Blue Hawaii

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After arriving back in Hawaii from the Army, Chad Gates (Elvis Presley) defies his parents’ wishes for him to work at the family business and instead goes to work as a tour guide at his girlfriend’s agency.   14 Terrific Songs on RCA’s Blues-Chasing “Blue Hawaii”

ACTORS :  Elvis Presley, Joan Blackman, Angela Lansbury

YEAR OF RELEASE : 1961

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Blue Hawaii  Chad Gates (Elvis Presley) has just gotten out of the Army, and is happy to be back in Hawaii with his surfboard, his beach buddies, and his girlfriend. His father wants him to go to work at the Great Southern Hawaiian Fruit Company, but he is reluctant. So he goes to work as a tour guide at his girlfriend’s agency.

Woefully underrated ode to Hawaii

 Blue Hawaii  There’s quite a bit to like about this pleasant if unoriginal musical. Hawaii has never looked better before or since, showcased by beautiful, panoramic shots in this movie. Here, it’s a relentlessly wholesome place, a mirror image of the seamy underside shown in “Hawaii Five-O” years later. Tourist-trap “native traditions” are given special attention. Day or night, it’s so intoxicating that it almost makes you want to immediately hop a plane to Honolulu or to Kauai, the “island of love.”

The soundtrack is quite possibly the best of any Elvis movie, with such gems as “Can’t Help Falling In Love,” the toe-tapping “Rockahula,” “Hawaiian Wedding Song” and an abbreviated but still enjoyable rendition from Elvis of the traditional Hawaiian classic, “Aloha Oe.” Unlike virtually every other musical, they never break into song for no good reason. Whether it’s to change the subject, serenade a grandmother on her birthday, or liven up a party, there’s always a radio or band present rather than having the music come out of nowhere.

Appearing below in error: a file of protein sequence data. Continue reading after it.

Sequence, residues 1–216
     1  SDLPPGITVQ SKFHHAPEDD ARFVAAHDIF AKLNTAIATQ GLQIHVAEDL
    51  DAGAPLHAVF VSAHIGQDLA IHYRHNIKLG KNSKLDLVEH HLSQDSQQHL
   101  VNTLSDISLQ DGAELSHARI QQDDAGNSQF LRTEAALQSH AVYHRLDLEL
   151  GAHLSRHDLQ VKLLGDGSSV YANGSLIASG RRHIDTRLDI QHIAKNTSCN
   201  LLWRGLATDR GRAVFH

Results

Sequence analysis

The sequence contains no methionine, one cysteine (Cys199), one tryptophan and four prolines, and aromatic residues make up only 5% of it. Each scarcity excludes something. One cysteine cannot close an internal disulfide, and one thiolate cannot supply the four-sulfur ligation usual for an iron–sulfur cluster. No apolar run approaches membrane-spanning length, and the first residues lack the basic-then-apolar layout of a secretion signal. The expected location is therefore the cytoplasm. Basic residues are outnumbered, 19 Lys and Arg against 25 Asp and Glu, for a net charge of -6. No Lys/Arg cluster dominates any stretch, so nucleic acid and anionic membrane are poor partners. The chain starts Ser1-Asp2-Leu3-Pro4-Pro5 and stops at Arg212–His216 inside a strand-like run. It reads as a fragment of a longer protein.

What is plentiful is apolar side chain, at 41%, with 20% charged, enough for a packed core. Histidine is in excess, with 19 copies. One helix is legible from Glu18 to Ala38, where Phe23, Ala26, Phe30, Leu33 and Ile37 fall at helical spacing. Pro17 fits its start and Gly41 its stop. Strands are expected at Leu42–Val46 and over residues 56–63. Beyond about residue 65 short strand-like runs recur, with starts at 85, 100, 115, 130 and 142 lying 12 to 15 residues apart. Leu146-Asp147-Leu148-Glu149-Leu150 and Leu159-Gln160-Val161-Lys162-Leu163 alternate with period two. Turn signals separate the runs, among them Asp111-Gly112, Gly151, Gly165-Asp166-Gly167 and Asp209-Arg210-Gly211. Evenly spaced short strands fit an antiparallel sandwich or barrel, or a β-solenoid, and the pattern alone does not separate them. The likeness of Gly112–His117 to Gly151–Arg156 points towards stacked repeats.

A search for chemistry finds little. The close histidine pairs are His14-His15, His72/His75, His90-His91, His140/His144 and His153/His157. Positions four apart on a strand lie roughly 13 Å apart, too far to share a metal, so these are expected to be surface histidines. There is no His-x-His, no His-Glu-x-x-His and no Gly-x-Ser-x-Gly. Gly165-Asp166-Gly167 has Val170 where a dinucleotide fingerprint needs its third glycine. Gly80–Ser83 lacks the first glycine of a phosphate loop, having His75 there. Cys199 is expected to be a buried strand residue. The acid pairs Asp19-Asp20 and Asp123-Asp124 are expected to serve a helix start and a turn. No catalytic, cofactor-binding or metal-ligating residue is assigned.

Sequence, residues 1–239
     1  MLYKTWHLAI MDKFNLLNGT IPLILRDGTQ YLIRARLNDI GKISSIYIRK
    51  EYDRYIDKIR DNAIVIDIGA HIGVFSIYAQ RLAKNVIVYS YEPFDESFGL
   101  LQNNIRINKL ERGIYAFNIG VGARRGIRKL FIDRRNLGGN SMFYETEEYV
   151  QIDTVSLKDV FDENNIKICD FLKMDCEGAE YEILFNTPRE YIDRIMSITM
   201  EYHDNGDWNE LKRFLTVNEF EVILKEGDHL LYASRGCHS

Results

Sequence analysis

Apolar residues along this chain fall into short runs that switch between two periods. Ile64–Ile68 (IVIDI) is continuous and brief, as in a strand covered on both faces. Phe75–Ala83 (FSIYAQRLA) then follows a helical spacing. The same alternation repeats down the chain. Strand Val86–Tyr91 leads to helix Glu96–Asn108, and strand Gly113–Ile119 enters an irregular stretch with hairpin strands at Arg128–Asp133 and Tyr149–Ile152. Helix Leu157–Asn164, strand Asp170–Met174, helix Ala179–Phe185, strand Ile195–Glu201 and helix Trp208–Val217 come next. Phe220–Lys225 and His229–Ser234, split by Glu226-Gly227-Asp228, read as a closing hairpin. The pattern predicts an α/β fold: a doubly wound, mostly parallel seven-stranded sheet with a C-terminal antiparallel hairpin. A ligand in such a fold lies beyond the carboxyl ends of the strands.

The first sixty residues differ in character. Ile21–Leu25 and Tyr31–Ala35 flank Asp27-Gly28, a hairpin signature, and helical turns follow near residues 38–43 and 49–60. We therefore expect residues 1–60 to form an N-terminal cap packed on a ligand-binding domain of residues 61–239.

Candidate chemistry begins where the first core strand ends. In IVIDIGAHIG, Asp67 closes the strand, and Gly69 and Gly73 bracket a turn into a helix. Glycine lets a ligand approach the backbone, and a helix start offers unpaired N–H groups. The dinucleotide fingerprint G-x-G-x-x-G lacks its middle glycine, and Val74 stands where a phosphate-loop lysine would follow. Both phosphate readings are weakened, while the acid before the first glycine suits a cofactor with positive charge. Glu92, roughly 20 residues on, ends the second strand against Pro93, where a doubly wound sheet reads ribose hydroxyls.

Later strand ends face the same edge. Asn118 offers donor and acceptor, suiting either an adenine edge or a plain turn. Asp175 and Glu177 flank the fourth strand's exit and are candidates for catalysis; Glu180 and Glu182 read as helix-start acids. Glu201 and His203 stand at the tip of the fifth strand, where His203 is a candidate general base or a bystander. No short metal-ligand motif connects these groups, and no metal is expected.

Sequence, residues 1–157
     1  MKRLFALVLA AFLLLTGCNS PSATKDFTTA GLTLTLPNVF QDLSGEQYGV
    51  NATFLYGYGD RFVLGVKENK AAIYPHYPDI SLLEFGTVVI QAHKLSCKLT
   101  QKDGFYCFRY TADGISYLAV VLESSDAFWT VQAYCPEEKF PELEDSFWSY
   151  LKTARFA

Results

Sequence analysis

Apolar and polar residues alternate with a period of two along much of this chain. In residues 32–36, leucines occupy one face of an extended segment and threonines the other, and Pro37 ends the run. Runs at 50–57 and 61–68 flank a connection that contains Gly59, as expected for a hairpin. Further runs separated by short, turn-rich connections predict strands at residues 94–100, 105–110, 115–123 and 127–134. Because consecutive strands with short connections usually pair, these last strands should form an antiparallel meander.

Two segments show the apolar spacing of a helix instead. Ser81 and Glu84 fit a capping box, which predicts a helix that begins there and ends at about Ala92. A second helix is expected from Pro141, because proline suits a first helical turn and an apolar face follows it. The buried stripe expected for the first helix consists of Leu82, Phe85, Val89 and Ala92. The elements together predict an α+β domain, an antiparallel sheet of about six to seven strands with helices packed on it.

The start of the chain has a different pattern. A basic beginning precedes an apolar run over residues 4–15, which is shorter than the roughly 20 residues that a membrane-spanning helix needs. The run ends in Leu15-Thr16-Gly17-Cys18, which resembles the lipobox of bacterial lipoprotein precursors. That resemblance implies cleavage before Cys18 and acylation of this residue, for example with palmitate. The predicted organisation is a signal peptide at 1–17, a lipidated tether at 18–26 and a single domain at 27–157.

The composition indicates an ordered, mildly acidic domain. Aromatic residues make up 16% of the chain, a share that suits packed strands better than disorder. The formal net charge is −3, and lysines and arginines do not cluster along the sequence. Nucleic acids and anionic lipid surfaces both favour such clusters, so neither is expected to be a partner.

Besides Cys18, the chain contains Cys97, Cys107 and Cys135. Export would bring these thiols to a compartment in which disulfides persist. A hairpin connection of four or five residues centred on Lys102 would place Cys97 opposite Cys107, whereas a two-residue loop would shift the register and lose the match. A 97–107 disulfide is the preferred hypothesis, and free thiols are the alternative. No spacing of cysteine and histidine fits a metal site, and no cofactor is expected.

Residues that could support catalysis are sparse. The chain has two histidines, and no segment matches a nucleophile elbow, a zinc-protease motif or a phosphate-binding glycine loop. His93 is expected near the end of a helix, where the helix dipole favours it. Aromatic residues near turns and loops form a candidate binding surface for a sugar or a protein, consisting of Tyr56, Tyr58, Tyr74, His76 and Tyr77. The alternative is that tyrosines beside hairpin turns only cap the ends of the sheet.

Elvis was in top form here – handsome, slim, and boyish. A far cry from the overweight, ostentatious, muttonchopped, rhinestoned, caped and bell-bottomed joke he became a decade later. The rest of the cast was good, with the exception of an over-the-top Angela Lansbury and a cold, unmusical Joan Blackman. Still, the love story was one of the better ones, with the relationship established before the movie opens instead of the ridiculous whirlwind romance of most other Elvis movies.

Watch this on the biggest screen TV to get the feeling you’re actually in this Hawaii that never was, at least during the outdoor scenes, not when they retreated to the studio. Better yet, make it a double feature with “Gidget Goes Hawaiian” and you can luxuriate in the Hawaii of 1961, only two years after it had become the 50th state.

 

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